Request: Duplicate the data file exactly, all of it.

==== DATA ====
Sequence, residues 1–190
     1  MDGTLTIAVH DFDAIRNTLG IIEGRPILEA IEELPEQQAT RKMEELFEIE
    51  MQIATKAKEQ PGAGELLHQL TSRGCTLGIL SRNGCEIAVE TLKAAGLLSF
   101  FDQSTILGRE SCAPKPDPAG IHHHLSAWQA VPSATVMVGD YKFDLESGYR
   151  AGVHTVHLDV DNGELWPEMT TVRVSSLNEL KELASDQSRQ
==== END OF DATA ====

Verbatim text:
Sequence, residues 1–190
     1  MDGTLTIAVH DFDAIRNTLG IIEGRPILEA IEELPEQQAT RKMEELFEIE
    51  MQIATKAKEQ PGAGELLHQL TSRGCTLGIL SRNGCEIAVE TLKAAGLLSF
   101  FDQSTILGRE SCAPKPDPAG IHHHLSAWQA VPSATVMVGD YKFDLESGYR
   151  AGVHTVHLDV DNGELWPEMT TVRVSSLNEL KELASDQSRQ